The Government ramped up pressure on Russia today by announcing a public inquiry into the poisoning of former KGB officer Alexander Litvinenko – after previously refusing such calls on grounds of “international relations”.
The abrupt change of policy was welcomed by the former agent’s widow, Marina Litvinenko, as an opportunity to secure justice and to hold the Russian state responsible for his agonising death eight years ago.
Experts expressed scepticism about the Government’s assertion that the timing of the announcement was unrelated to attempts to increase pressure on Vladimir Putin following the downing of the Malaysia Airlines passenger jet over Ukraine. Whitehall officials said it was only announced yesterday to ensure the process was started before MPs’ summer recess began.
“No one in Russia will be thinking this is accidental and it probably isn’t,” said Henry Plater-Zyberk, a senior research fellow at the Prague Security Studies Institute. “I think it comes out as a cheap shot.”
Mrs Litvinenko welcomed the U-turn, but said she accepted that the result of any inquiry would not change Russian policy in refusing to send the two main suspects for the killing, Andrei Lugovoi – a former KGB officer and current member of the Russian parliament – and Dmitri Kovtun, to Britain to stand trial.
Under the terms of the inquiry, investigators can examine whether the Russian state was behind the murder but cannot look into whether the British authorities could have done anything to prevent his death. Mrs Litvinenko’s legal team will also not be able to view some documents on grounds of national security.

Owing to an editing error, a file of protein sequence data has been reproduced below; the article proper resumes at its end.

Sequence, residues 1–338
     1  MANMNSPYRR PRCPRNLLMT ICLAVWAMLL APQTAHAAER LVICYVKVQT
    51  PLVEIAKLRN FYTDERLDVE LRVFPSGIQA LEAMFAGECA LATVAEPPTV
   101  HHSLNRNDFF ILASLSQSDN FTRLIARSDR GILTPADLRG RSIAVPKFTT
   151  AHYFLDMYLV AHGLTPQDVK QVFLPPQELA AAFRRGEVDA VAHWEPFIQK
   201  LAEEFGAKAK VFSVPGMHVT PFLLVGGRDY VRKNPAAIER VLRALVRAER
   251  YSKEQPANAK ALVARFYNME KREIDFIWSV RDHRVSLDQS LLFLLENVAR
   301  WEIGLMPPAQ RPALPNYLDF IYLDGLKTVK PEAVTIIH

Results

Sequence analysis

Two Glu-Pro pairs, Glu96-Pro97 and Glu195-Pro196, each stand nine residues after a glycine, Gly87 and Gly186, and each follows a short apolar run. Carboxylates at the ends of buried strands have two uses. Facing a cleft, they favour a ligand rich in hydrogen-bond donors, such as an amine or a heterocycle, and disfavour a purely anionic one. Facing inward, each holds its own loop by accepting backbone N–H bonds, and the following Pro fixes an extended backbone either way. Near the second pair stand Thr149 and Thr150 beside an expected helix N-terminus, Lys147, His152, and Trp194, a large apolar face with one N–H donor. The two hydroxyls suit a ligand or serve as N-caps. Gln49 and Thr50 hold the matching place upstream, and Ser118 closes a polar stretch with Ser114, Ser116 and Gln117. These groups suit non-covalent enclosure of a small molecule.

The Government had previously refused to consider holding an inquiry until an inquest had run its course. But in February the High Court told the Home Secretary, Theresa May, to rethink her decision following a court challenge by Mrs Litvinenko. The inquiry will be chaired by senior judge Sir Robert Owen, the current coroner in the inquest.
Ms May detailed the change of plan yesterday in Parliament after the Prime Minister called for tougher sanctions against Russia over its policies in Ukraine. Mrs Litvinenko’s legal team said the timing of the decision was a “convergence of circumstances”.
“I don’t want to be used,” said Mrs Litvinenko. “I said from the beginning … it’s a case of murder but it’s happened because some state is behind this.” She said that she was “relieved and delighted” with this decision.
“It sends a message to Sasha’s murderers: no matter how strong and powerful you are, truth will win out in the end and you will be held accountable for your crimes,” she said in a statement.
“It has taken nearly eight years to bring those culpable for Sasha’s murder to justice. I look forward to the day when the truth behind my husband’s murder is revealed.”
Mr Litvinenko, 43, fled to Britain in 2000 and spent the last years of his life as a Kremlin critic, claiming that the FSB security service was linked to a series of bombings around Russia, which served as the pretext to go to war against Chechnya.
Mr Litvinenko died an agonising death in hospital three weeks after drinking a cup of tea believed to have been contaminated with polonium-210 during a meeting in London with the two suspects in 2006. The two men – named as suspects by the CPS – refused to take part in any inquest, and Russia’s refusal to co-operate in the police investigation led to a crisis in relations between the two countries.
A government spokesman said: “It is more than seven years since Mr Litvinenko’s death and this Government remains committed to seeking justice for his family.”